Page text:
Friday, September 23, 2011

UARS Satellite Coming Down!


It's Duck-and-Cover time, folks, as a big piece of space junk is headed our way and just may hit someone! Sure, the chances of it hitting YOU in particular are about 1 in a trillion, but hey, you're on the planet, aintcha?

UARS in orbit.

NASA's Upper Atmosphere Research Satellite (UARS) is expected now to re-enter the atmosphere sometime late Friday the 23rd or early Saturday the 24th. As the trajectory becomes more clear, it seems that we Americans may be in it's probable fall zone. That zone could be an estimated 500 miles long.

UARS has had a good life, performing its research since 1991 in orbit of the Earth. It's a big boy, though, about 6.5 tons and the size of a school bus (why are things always related to the size of a bus or Rhode Island?) and it won't all burn up during re-entry. Scientists have estimated that about 26 pieces will survive to land on the ground. The fall through the atmosphere will cool the pieces so it shouldn't be hot when it lands. However, there are some coolants and reactants that could be harmful to human flesh so if you should find a piece, don't touch it(!) but rather notify local police and take lots of awesome pictures.

Monday, September 19, 2011

Expedition 28 Ends, Expedition 29 Takes Command

Soyuz spacecraft leaves the ISS.

Last week the crew of Expedition 28 to the ISS boarded their Soyuz TMA-21 spacecraft and undocked from the station. During a previous change of command ceremony, Astronaut Mike Fossum became the commander of Expedition 29 on the station with crewmembers Satoshi Furukowa and Sergei Volkov. After a day of maneuvering and changing altitude, the Exp 28 crew fired braking thrusters and headed for re-entry through the Earth's atmosphere.

Soyuz return capsule safely deployed its parachute. Great photo of the capsule passing the Moon in the sky.

Engineers in both the USA and Russia have been concerned about the schedule of launching personnel to the ISS, after two incidents with the second and third stages of the Soyuz rockets. Management in both agencies agreed that the Expedition 28 crew should return as normally scheduled.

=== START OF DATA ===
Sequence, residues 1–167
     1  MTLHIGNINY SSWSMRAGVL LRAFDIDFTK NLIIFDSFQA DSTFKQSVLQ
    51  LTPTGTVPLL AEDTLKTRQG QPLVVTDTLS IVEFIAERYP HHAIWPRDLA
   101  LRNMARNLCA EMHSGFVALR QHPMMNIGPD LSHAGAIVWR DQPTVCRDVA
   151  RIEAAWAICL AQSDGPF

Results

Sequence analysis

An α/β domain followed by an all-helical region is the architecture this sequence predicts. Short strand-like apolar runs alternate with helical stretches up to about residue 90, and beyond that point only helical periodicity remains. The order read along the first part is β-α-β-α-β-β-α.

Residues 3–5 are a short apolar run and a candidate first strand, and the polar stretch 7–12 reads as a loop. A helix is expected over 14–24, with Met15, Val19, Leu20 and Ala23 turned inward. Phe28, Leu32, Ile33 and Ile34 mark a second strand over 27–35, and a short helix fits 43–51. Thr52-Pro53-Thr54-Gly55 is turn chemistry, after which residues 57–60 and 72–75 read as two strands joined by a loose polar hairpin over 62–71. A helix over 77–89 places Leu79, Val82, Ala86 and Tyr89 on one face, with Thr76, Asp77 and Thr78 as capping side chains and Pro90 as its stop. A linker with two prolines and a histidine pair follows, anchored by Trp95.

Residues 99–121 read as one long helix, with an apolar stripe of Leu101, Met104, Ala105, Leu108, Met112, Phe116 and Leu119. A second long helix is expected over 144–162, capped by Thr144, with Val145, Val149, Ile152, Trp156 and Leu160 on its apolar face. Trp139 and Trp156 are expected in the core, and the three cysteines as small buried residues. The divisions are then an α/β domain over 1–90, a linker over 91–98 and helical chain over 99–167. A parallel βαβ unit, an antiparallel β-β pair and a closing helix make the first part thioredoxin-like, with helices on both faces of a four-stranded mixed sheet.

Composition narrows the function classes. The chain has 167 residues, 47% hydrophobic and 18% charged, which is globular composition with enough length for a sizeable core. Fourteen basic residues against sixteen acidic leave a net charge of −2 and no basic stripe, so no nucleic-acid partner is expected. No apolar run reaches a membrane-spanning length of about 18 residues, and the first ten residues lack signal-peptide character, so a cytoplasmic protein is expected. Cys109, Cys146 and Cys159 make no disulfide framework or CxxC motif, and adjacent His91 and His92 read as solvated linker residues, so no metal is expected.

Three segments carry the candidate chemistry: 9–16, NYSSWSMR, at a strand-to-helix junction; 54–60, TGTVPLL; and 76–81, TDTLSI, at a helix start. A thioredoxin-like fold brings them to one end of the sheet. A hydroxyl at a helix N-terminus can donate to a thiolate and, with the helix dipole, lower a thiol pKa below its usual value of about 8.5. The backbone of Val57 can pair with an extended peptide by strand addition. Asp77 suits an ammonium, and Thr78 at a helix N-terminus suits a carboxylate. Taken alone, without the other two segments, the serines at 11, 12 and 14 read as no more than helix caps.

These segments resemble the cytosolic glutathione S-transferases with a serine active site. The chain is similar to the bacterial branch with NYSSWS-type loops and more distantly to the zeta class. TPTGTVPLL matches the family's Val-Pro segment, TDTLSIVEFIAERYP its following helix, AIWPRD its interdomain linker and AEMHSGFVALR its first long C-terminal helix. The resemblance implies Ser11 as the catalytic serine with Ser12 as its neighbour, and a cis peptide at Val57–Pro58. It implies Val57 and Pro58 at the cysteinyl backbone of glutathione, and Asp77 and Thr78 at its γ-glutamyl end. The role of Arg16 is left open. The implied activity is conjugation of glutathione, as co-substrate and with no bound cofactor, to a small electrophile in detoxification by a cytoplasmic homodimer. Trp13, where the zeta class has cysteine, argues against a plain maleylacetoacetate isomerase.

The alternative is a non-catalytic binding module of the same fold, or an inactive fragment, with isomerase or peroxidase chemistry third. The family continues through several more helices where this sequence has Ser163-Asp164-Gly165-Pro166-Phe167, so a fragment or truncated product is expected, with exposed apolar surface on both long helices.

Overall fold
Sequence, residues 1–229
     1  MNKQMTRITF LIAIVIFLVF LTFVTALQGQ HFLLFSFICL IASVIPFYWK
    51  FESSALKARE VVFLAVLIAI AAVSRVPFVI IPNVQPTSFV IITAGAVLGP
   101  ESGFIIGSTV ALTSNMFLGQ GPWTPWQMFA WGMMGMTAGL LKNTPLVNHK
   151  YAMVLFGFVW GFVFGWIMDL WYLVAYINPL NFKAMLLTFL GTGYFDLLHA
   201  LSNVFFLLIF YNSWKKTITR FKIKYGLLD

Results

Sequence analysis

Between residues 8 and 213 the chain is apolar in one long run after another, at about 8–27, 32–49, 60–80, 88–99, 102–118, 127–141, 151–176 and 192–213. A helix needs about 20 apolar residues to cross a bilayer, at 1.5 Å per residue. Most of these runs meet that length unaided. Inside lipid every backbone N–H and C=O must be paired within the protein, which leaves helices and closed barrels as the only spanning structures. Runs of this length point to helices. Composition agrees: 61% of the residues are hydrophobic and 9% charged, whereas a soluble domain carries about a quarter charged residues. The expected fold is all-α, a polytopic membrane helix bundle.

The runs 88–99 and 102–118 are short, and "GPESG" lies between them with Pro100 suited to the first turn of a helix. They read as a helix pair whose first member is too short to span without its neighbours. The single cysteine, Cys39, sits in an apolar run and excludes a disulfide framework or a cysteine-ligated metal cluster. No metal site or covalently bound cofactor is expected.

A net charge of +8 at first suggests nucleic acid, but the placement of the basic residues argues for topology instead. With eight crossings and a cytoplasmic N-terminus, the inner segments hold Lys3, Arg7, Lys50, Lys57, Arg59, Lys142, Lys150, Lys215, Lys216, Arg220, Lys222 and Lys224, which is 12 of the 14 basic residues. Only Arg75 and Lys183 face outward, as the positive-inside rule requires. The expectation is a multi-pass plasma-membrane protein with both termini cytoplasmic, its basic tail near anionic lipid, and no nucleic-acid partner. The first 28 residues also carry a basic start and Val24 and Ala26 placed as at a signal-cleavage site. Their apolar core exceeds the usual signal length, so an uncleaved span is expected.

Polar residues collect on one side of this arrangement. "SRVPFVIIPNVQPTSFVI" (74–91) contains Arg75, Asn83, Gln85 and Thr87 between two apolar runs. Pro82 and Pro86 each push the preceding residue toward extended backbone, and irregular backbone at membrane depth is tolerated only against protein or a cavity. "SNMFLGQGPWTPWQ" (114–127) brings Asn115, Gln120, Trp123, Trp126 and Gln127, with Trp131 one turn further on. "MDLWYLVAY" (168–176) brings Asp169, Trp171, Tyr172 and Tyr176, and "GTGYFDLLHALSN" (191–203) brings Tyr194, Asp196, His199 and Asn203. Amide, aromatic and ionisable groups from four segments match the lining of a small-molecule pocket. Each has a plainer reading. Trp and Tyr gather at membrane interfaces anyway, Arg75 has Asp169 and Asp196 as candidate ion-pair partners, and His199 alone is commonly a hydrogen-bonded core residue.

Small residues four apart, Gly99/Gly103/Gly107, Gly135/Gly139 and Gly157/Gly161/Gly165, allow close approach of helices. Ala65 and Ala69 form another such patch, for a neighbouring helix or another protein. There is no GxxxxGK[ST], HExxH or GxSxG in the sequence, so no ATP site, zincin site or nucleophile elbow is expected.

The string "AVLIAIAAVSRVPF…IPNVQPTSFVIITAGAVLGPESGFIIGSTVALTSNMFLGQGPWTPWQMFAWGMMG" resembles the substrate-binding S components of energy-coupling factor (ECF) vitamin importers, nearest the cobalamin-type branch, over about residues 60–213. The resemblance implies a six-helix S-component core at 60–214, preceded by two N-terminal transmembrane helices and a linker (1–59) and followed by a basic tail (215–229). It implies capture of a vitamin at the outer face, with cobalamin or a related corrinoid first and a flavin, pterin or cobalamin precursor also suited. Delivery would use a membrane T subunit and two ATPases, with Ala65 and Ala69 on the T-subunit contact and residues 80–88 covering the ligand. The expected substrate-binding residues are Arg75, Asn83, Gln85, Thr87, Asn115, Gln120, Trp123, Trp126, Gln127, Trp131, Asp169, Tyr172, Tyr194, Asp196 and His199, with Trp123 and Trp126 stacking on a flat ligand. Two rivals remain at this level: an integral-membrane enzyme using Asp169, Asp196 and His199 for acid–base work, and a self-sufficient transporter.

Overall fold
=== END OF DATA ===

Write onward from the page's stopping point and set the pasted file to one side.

Touchdown! A bit rougher than a shuttle landing, but for now the only way.

The returning crew arrived back on Earth Thursday and were safely and quickly recovered from their spot in the Russian wilderness. Good work Expedition 28!

Sunday, September 18, 2011

50 YA -Discoverer XXXI: Doomed to fail

Thor-Agena rocket at USAF museum in Dayton, Ohio.

Fifty years ago on September 17, the USAF launched another Corona spy satellite mission from launch facilities at Vandenberg AF Base in California. Launched into a polar orbit, the Corona satellite was supposed to make secret photos of Soviet deployment of bombers and missiles. Unfortunately, on September 19th when the film cannister was due to eject and parachute to Earth for recovery, there was a power failure on the 33rd orbit. Both the film cannister and the satellite remained in orbit.

Wednesday, September 14, 2011

50 YA - Mercury makes an orbit!

MA-4 blasts off from Cape Canaveral.

With the Soviets still gloating about their successful man-in-space program, the NASA engineers were trying to catch up. Fifty years ago on September 13 they made a big step forward. NASA was moving on from the Redstone rocket and was ready to try the Atlas. The Atlas had suffered quite a few malfunctions, some of them tragic, and NASA officials (and astronauts I might add!) were very apprehensive about putting a man on the Atlas.

MA-4 was a test flight for the combination. An unmanned Mercury capsule (8A, which had been previously #8 on an aborted mission) was placed on Atlas rocket LV3-B #88D. It lifted off perfectly from Launch Complex 14 at Cape Canaveral in FLorida. The capsule separated as expected and completed an orbit. It successfully returned through the atmosphere and was recovered by the destroyer USS Decatur (DD-936). All of the tests were performed well, relieving the scientists and helping us prepare for the eventual manned flight.

50 YA- Discoverer XXX

Thor-Delta rocket, often used in the Corona/Discoverer program.